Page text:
- 1 Characters
- 2 Chapter By Chapter Summary
- 2.1 Chapter One: A Delivery
- 2.2 Chapter Two: Mistress of the House
- 2.3 Chapter Three: Race Day
- 2.4 Chapter Four: The Boy with the Roan Colt
- 2.5 Chapter Five: Shadows at Dusk
- 2.6 Chapter Six: A Light in the Parlor
- 2.7 Chapter Seven: Dawson's Remedy
- 2.8 Chapter Eight: A Secret Past
- 2.9 Chapter Nine: Stolen!
- 2.10 Chapter Ten: More Disappearances
- 2.11 Chapter Eleven: Dawson's Theft
- 2.12 Chapter Twelve: A Daring Plan
- 2.13 Chapter Thirteen: Search for a Ghost
- 2.14 Chapter Fourteen: Merriman Family Heirlooms
- 2.15 Looking Back
- 3 Errors
- 4 References
From the Central Series
- Felicity Merriman
- Martha Merriman
- Edward Merriman
- Nan Merriman
- William Merriman
- Polly Merriman
- Benjamin Davidson
- Elizabeth Cole
- Mr. Galt
- Sir Edward
- Lady Margaret
- Aunt Prudence
- William Yancey
- Mr. Minton
- Mrs. Hewitt
- Reverend Mr. Ullfers
- Mrs. Whitehurst
Chapter By Chapter Summary
Chapter One: A Delivery
Chapter Two: Mistress of the House
Chapter Three: Race Day
Chapter Four: The Boy with the Roan Colt
Chapter Five: Shadows at Dusk
Chapter Six: A Light in the Parlor
Chapter Seven: Dawson's Remedy
Chapter Eight: A Secret Past
Chapter Nine: Stolen!
Chapter Ten: More Disappearances
Chapter Eleven: Dawson's Theft
Chapter Twelve: A Daring Plan
Chapter Thirteen: Search for a Ghost
Chapter Fourteen: Merriman Family Heirlooms
Discusses Publick Times in the era. Topics discussed:
- When Publick Times was held, usually at the same time Virginia's highest court was in session. Williamsburg's population would double almost overnight.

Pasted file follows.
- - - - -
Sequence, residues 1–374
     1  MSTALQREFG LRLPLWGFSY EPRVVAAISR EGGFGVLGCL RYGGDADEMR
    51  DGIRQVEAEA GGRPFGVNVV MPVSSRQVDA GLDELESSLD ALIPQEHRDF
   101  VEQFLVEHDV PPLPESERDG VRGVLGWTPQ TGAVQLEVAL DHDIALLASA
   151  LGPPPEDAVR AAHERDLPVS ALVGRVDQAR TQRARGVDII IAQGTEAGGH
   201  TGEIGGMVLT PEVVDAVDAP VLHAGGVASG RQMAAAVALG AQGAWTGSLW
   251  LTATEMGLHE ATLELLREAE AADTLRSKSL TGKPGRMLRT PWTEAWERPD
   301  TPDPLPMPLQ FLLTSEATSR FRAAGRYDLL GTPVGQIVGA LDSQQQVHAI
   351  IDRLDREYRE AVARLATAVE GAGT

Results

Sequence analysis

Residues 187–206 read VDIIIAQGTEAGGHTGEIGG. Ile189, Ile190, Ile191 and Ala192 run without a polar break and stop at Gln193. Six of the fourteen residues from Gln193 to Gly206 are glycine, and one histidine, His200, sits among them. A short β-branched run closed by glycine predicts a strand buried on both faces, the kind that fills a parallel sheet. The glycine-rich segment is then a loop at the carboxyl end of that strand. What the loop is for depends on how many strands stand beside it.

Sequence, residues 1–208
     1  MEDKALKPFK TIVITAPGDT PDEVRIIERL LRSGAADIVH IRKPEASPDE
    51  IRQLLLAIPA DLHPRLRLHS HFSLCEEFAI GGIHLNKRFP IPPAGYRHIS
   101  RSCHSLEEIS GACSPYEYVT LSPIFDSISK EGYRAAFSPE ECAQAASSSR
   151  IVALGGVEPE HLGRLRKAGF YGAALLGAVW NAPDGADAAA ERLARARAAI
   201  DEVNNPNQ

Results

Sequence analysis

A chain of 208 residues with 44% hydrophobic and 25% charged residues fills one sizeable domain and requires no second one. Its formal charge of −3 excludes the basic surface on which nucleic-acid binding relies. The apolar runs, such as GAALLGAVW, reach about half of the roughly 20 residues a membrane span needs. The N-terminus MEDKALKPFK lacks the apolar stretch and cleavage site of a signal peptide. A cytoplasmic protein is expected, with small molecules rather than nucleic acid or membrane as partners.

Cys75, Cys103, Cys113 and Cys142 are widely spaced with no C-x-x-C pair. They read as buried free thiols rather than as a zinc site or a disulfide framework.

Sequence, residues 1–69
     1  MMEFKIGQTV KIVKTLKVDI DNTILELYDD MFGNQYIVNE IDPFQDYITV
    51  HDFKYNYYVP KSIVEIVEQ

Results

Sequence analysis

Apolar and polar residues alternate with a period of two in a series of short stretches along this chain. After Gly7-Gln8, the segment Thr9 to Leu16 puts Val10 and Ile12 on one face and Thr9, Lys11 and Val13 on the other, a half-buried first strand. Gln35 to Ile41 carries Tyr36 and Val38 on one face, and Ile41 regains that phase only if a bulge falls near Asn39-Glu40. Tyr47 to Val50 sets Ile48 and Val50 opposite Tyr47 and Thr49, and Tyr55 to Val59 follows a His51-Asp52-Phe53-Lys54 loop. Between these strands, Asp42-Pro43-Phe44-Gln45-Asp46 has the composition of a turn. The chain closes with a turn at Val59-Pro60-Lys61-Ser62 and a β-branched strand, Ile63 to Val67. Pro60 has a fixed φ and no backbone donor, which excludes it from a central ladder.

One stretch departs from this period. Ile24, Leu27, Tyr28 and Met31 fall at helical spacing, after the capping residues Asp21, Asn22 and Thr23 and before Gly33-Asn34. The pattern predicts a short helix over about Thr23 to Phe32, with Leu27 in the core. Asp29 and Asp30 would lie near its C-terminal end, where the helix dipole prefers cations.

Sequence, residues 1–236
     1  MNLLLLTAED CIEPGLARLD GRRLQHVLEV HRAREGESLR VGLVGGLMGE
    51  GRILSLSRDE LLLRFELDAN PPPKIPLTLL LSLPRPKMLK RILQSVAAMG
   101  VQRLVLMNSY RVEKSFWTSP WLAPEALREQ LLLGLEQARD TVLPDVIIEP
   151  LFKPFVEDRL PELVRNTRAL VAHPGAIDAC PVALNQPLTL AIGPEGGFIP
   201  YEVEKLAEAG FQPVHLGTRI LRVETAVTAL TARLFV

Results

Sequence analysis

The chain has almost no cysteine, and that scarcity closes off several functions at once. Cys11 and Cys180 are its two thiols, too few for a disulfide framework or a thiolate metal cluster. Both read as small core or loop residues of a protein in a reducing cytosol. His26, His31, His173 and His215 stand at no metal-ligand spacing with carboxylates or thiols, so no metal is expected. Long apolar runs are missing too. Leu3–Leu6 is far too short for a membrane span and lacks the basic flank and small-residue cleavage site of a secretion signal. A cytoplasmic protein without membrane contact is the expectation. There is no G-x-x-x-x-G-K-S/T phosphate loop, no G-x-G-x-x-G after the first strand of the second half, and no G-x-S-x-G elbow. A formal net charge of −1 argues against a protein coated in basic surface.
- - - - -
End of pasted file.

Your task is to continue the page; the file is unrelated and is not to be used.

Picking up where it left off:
- The Fair held during the Publick Times that included shopping, merchandise from Europe, street performances, games and races, and evening theatrical plays. Colonists also came to hear news and hear the court trials.
- Taverns, which served as inns and a hub for news, business, and gossip. They overflowed during these times.
- The variety of visitors to Williamsburg, such as travelers, boatmen, and wagon drivers, who would share news from the places they visited in the colonies and abroad.
- Dangers colonists faced during Publick Times such as thieves and pickpockets.
- Consequences of thievery, such as having the hand branded for the first offense, subsequent brandings or hanging.
- The exploitation of orphans by dishonest people who exploited them.
- The lack of options for orphaned children as almshouses offered orphans and poor people room and board in exchange for hard work.
- How some orphans found apprenticeships. While boys were generally apprenticed to learn a trade regardless of their backgrounds, girls were rarely apprenticed unless they had been orphaned.
- Skills female apprentices would have learned such as sewing, weaving, and spinning.
- How apprenticeships offered orphans the chance to earn a living and respect in society.
- Martha's Aunt Prudence is said to live in Norfolk, and at the start of the book, Martha and the three younger children are leaving to visit her. However, the city had been destroyed in January 1776 in the Burning of Norfolk with only one building, St. Paul's Episcopal Church, remaining in any form after after the burning, and the city struggled to rebuild and was not restored as a city proper until post-war. (See Norfolk during the Revolutionary War, on Wikipedia).
- The text mentions chariot wheel pattern coverlets. Although Colonial Williamsburg owns an example of this woven pattern, it dates from the 1830s at the earliest.
- Felicity's eleventh birthday was the following spring.